If you stop to think for a moment about an application reader's job, much of it happens in blocks and stacks: blocks of a couple hours at a time (give or take), devoted to reading a stack of personal statements -- perhaps 40 or 50, one after the other.

From that perspective, your main college essay (aka personal statement) has a singular aim: to make a positive impression and stick in the mind of the reader long after the reading session has ended.

This application season, I've found myself asking the same question each time I read a first draft (and sometimes a second, a third...even a fourth): what is the ONE THING this piece demonstrates about you?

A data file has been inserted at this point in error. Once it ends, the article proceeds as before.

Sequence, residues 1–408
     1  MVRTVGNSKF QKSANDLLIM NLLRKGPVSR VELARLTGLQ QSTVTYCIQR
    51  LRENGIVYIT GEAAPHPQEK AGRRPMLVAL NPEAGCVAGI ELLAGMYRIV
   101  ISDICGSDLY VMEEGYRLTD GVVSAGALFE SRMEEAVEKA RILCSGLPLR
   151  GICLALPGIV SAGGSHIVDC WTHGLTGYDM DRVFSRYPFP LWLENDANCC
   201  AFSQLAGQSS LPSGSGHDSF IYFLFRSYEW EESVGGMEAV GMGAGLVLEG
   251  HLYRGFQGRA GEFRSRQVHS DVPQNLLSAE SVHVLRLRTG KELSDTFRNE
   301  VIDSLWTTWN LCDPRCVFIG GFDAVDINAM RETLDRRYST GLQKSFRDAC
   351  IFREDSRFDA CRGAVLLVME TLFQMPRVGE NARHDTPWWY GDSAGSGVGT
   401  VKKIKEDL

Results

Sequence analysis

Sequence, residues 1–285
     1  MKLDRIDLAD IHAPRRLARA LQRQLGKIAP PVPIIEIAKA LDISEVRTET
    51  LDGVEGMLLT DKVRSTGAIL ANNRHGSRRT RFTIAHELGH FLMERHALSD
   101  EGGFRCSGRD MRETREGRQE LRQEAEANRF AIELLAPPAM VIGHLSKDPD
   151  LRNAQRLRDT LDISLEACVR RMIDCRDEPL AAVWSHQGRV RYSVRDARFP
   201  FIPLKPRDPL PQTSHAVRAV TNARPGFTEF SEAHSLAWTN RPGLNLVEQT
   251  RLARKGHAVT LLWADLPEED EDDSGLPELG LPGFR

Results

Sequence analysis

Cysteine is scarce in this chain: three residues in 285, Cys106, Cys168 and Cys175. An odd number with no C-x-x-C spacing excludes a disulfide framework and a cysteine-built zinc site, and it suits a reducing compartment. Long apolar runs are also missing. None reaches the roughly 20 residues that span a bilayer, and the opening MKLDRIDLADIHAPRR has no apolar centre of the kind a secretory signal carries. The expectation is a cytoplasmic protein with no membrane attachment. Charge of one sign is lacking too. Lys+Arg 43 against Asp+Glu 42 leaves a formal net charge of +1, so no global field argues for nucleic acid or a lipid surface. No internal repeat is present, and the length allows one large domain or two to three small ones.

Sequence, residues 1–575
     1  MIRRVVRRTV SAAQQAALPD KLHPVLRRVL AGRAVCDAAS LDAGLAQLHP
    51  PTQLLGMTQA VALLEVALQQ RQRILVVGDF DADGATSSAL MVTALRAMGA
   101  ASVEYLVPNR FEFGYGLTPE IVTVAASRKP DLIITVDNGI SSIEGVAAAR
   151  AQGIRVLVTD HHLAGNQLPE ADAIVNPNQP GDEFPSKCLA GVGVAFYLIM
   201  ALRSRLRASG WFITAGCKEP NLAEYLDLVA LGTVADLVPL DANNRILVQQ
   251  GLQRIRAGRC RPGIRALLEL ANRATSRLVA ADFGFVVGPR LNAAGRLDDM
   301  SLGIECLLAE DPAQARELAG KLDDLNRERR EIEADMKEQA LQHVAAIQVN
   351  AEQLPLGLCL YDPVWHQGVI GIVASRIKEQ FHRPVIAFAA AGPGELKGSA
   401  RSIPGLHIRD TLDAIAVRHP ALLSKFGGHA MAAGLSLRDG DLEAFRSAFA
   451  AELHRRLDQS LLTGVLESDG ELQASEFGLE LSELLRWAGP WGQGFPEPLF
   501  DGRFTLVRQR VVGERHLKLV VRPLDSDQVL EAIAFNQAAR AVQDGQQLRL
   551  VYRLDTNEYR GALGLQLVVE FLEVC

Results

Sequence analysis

If you're working on your piece now, ask yourself that question. You should be able to answer it in a short phrase or sentence. Here's the key, though: the one thing should be go beyond just a topic. Instead, it should be more of a headline.

Here's the difference:

A topic is a noun. It's a simple object or idea. It's usually pretty easy to identify -- here are some examples:

  1. my love of reading
  2. writing plays
  3. secrets

Simple, right? When you're identifying your one thing, you want to take it one step further. This means turning your topic into a headline; you're adding an action to the noun, turning it into a how statement. Examples:

  1. how rejecting the concept of a "canon of literature" helped me rekindle my love of reading
  2. how writing plays enabled me to discover a deeper empathy for the people surrounding me
  3. how examining the secrets I'd protected unconsciously has made me more honest with myself and others

Give it a shot. What's your personal headline?